The growth of mobile and messaging apps has created consumers who are used to having everything connected 24/7 and interacting via swipes. This generates increasing volumes of customer interactions that need to be handled, as well as higher user expectations for service delivery. Without modern technology and approaches, the operational costs associated with servicing the new digital customer are prohibitive. Bots are enabling banks to surmount this challenge.
However, no matter how intelligent bots may be, they are still prone to a lack of emotion or personality and a degree of error and confusion that can result in customer dissatisfaction. This begs the support of an agent-assist model where bots can hand off to a human agent when necessary.
Augmented customer service
The Bank of England’s chief economist recently warned that the rise of AI could lead to a ‘hollowing out’ of parts of the jobs market, with manual, repetitive roles particularly vulnerable to automation. However, he countered this by stating that “jobs focused on skills of human interaction, face-to-face conversation, and negotiation, would be likely to flourish.”
Where customers need counselling, or comforting, empathic employees must be available to them.
Whenever automation and AI are mentioned, the obvious question is what is the human cost?
A study conducted by London Goldsmiths University found that organisations that continue to invest in development of employees’ skills, alongside their automation strategies and implementation, are around 30 per cent more productive than those that concentrate on automation at the expense of human resources.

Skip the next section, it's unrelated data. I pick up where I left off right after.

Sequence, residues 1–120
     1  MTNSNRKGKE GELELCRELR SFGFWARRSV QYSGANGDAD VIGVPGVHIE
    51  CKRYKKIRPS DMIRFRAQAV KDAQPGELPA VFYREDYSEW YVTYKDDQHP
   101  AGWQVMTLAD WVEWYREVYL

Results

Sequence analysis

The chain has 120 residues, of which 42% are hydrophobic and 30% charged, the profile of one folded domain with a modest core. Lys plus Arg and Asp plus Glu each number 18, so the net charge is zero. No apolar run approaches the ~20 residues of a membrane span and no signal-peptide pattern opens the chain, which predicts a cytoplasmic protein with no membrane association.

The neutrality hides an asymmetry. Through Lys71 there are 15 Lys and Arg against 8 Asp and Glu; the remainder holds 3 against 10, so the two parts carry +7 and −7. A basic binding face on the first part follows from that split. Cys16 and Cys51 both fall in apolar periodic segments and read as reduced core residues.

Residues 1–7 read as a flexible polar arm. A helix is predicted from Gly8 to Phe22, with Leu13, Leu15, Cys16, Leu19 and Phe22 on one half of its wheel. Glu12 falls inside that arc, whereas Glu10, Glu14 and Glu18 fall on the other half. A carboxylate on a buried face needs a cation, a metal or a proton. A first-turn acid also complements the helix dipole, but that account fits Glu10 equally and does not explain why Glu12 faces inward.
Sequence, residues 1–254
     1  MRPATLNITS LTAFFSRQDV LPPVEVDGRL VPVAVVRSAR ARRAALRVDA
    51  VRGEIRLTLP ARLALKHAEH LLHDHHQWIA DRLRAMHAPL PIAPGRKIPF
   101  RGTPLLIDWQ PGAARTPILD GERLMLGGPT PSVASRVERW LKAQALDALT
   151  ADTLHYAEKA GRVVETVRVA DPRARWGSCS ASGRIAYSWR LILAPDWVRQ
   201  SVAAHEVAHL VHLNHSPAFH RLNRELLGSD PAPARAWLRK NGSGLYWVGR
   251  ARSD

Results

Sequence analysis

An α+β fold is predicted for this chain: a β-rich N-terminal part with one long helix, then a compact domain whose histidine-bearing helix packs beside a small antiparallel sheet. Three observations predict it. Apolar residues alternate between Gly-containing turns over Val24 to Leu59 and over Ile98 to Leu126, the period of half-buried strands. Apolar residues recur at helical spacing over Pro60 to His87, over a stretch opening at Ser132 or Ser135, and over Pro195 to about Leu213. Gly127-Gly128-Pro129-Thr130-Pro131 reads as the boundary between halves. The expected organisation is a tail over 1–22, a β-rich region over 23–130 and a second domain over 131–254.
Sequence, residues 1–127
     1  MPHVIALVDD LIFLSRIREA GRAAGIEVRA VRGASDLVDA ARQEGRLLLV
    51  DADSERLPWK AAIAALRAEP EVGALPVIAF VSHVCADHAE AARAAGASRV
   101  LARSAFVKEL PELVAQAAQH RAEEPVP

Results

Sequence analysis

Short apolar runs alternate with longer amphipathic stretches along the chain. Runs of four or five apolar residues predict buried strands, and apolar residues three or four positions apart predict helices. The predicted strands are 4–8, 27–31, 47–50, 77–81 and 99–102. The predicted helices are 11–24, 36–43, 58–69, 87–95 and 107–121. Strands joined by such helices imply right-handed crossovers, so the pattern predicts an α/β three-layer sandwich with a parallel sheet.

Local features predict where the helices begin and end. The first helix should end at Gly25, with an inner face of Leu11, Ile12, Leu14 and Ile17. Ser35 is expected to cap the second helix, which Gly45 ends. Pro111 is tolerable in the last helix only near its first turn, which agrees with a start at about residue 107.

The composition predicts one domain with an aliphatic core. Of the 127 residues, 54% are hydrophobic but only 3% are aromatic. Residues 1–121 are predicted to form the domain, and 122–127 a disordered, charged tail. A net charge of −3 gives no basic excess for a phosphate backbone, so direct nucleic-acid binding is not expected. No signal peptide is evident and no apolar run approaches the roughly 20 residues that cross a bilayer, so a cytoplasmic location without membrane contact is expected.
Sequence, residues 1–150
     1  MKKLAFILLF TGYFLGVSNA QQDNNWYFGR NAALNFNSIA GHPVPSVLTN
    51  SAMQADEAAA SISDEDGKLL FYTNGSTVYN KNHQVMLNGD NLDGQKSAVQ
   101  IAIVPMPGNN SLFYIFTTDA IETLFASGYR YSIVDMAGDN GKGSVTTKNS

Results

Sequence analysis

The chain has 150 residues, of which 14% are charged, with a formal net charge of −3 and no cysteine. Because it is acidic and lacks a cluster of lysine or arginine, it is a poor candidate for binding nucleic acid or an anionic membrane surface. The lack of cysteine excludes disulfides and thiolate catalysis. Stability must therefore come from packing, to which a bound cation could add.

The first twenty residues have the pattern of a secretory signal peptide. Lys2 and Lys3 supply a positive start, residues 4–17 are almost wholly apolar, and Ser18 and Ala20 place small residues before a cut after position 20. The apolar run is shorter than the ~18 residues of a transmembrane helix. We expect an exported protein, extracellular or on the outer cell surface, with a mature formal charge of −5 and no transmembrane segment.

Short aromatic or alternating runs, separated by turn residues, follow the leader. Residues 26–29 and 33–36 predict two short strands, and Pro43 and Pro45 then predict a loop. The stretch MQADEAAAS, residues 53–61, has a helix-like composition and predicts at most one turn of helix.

Whereas some customer interactions, such as requesting an account balance, can be very basic and lend themselves to complete automation, 24/7 self-serve business processes often require complex rules-based workflows. While some of the tasks in these workflows may lend themselves to automation via AI or bots, there will also be the need for services to be delivered by specialists and for sensitive or complex interactions to be handled by experienced customer service agents. We believe that financial services employees will come to the fore managing the tasks that cannot be trusted to a bot and adding value to interactions, such as identifying upselling or cross-selling opportunities, or tracking engagement analytics and stepping in where needed.
To engage with their bank, customers used to push oak panel doors, now they push smartphone buttons, within five years they’ll simply chat via the nearest gadget.
Global Banking & Finance Review